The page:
Mr. Bumble degraded in the eyes of the Paupers
George Cruikshank, 1792-1878
Part 16, July 1838
Etching on steel
Sixteenth monthly illustration, The Adventures of Oliver Twist; or, The Parish Boy's Progress
Eight weeks gone since he married the apparently pliable Mrs. Corney, Mr. Bumble in his new capacity as Master of the Workhouse begins to sees the abandonment of wives by their husbands in a different light. Refusing to submit to his authority, she resorts to tears — to no avail, for Bumble is proof against such histrionics. She then tries a tactic designed to humiliate her new husband.
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With these words, Mr. Bumble opened the door, and walked in with a very fierce and angry manner: which was at once exchanged for a most humiliated and cowering air, as his eyes unexpectedly rested on the form of his lady wife.
"My dear," said Mr. Bumble, "I didn't know you were here."
"Didn't know I was here!' repeated Mrs. Bumble. "What do you do here?"
"I thought they were talking rather too much to be doing their work properly, my dear," replied Mr. Bumble: glancing distractedly at a couple of old women at the wash-tub, who were comparing notes of admiration at the workhouse-master's humility.
"You thought they were talking too much?" said Mrs. Bumble. "What business is it of yours?"
"Why, my dear — " urged Mr. Bumble submissively.
"What business is it of yours?" demanded Mrs. Bumble, again.
"It's very true, you're matron here, my dear," submitted Mr. Bumble; "but I thought you mightn't be in the way just then."
"I'll tell you what, Mr. Bumble," returned his lady. "We don't want any of your interference. You're a great deal too fond of poking your nose into things that don't concern you, making everybody in the house laugh, the moment your back is turned, and making yourself look like a fool every hour in the day. Be off; come!"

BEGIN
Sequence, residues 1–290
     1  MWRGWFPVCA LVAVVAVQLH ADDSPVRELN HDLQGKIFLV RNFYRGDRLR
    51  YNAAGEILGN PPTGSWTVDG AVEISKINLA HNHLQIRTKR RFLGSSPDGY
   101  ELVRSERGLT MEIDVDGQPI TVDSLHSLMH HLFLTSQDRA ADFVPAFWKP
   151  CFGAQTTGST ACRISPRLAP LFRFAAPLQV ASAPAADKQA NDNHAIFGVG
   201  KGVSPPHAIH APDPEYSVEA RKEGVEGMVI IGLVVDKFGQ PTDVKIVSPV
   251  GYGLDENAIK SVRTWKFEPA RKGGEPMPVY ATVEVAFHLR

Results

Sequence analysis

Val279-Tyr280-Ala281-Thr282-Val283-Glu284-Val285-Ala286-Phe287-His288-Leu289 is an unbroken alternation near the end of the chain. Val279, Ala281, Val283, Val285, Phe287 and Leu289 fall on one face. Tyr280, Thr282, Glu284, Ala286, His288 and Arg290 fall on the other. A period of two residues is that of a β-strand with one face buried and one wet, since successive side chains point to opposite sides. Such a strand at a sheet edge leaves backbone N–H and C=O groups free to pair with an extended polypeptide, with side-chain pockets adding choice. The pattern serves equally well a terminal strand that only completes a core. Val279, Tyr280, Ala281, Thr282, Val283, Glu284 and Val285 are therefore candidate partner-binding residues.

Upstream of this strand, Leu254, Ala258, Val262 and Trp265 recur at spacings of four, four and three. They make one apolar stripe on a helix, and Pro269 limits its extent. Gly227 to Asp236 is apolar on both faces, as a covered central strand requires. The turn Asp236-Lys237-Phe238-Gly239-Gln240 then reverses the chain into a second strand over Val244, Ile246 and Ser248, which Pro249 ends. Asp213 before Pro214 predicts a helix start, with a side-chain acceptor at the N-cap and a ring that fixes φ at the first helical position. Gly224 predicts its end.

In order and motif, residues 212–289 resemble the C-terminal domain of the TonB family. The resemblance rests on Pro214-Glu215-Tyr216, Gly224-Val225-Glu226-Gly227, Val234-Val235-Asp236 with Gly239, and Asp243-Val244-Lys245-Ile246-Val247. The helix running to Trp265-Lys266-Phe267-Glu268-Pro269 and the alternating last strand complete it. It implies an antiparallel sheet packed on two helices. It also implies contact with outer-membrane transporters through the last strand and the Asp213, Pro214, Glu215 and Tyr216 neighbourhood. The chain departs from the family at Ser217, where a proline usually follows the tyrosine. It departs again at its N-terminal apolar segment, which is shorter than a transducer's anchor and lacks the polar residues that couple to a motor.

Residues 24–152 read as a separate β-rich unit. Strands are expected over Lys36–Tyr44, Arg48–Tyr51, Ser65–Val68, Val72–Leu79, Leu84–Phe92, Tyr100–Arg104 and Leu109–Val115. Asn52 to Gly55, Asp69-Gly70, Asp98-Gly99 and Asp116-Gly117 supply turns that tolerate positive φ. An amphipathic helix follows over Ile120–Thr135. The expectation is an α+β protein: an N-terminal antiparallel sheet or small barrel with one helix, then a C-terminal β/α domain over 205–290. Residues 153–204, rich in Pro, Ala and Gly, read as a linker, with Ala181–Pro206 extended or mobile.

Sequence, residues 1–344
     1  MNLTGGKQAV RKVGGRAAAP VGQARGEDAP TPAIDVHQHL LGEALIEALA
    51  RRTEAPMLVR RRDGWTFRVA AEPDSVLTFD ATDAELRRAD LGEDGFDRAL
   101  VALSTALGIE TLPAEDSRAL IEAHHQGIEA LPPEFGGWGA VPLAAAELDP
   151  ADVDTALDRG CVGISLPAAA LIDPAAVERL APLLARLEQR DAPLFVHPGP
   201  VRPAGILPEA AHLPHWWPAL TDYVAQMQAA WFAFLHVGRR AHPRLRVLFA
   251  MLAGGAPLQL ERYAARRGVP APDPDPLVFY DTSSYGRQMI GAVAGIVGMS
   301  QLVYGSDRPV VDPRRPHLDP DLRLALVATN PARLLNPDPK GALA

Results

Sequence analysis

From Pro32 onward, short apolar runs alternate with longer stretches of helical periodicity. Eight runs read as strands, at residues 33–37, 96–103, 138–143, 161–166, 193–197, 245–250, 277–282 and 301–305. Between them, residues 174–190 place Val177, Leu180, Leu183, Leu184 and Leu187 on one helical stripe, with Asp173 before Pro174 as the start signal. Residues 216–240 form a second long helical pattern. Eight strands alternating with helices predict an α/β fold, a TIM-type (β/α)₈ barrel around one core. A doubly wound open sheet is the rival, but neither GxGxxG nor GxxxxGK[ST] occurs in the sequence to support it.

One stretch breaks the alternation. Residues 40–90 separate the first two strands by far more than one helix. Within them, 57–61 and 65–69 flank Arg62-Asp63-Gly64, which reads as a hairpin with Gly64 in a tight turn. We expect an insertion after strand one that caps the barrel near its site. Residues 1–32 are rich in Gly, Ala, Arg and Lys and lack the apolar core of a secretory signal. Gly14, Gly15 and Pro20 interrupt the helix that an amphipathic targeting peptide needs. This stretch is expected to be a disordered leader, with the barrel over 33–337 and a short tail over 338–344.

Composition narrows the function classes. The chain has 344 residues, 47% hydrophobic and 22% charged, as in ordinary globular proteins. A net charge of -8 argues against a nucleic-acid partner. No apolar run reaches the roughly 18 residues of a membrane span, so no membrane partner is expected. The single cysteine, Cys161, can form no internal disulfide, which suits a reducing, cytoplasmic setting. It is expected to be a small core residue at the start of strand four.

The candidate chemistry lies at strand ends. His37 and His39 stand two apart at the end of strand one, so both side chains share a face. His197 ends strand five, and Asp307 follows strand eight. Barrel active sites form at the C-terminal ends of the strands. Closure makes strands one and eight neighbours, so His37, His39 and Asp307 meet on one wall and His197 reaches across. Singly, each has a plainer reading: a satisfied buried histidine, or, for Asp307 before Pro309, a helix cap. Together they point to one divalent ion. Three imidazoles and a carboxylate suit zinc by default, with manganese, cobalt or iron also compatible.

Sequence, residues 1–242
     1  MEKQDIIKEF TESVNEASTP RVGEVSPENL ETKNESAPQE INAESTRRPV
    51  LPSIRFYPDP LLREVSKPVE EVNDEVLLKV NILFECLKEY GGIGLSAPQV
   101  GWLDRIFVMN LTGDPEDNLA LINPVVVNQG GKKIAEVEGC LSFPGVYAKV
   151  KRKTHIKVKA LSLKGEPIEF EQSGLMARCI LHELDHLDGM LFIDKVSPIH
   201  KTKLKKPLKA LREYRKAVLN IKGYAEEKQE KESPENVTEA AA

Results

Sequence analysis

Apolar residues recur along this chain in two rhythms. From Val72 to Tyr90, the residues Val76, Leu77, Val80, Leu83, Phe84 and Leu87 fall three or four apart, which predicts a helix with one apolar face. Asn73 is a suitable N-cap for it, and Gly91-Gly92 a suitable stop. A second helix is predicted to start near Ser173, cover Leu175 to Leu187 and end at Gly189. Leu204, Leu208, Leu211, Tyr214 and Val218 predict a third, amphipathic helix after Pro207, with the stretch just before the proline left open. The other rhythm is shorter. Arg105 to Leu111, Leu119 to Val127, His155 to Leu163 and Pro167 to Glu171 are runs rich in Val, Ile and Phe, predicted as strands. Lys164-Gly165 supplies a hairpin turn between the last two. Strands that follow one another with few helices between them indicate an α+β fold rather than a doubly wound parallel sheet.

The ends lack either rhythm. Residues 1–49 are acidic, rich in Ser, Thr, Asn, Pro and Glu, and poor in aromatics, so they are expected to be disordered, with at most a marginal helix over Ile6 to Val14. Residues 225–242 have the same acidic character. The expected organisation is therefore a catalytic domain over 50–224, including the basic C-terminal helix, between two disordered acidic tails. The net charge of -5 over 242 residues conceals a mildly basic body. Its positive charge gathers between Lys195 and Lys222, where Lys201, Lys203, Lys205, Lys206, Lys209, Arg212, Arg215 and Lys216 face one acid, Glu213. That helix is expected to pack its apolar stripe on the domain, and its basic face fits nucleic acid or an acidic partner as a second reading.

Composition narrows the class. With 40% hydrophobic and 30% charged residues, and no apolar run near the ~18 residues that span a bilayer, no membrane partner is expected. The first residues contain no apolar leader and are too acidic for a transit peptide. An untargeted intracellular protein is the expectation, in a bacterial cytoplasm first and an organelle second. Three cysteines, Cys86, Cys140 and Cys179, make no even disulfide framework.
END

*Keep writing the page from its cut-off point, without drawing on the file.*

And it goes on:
Mr. Bumble, seeing with excruciating feelings, the delight of the two old paupers, who were tittering together most rapturously, hesitated for an instant. Mrs. Bumble, whose patience brooked no delay, caught up a bowl of soap-suds, and motioning him towards the door, ordered him instantly to depart, on pain of receiving the contents upon his portly person.
What could Mr. Bumble do? He looked dejectedly round, and slunk away; and, as he reached the door, the titterings of the paupers broke into a shrill chuckle of irrepressible delight. It wanted but this. He was degraded in their eyes; he had lost caste and station before the very paupers; he had fallen from all the height and pomp of beadleship, to the lowest depth of the most snubbed hen-peckery. [Chapter 37, "In which the Reader may Perceive a Contrast, not Uncommon in Matrimonial Cases," p. 192]
Commentary: Satirising Pompous Authority
The expectations of Bumble regarding the obedience of Mrs. Corney two months after their marriage are dashed by her face-saving ploy in front of her female charges at the workhouse, for such refuges for the destitute and unemployed practiced gender segregation, even to the point of dividing families. The incident is not a mere comeuppance for the haughty beadle in that it marks a shift in his erstwhile alliance with the matron of the workhouse. Retreating from the workhouse to the sanctuary of a nearby pub, Bumble encounters a well-dressed, enigmatic stranger who is looking for information about Oliver's mother. Thus, the tiff between husband and wife sets up the plot-oriented scene involving Monks and the secret of Oliver's birth.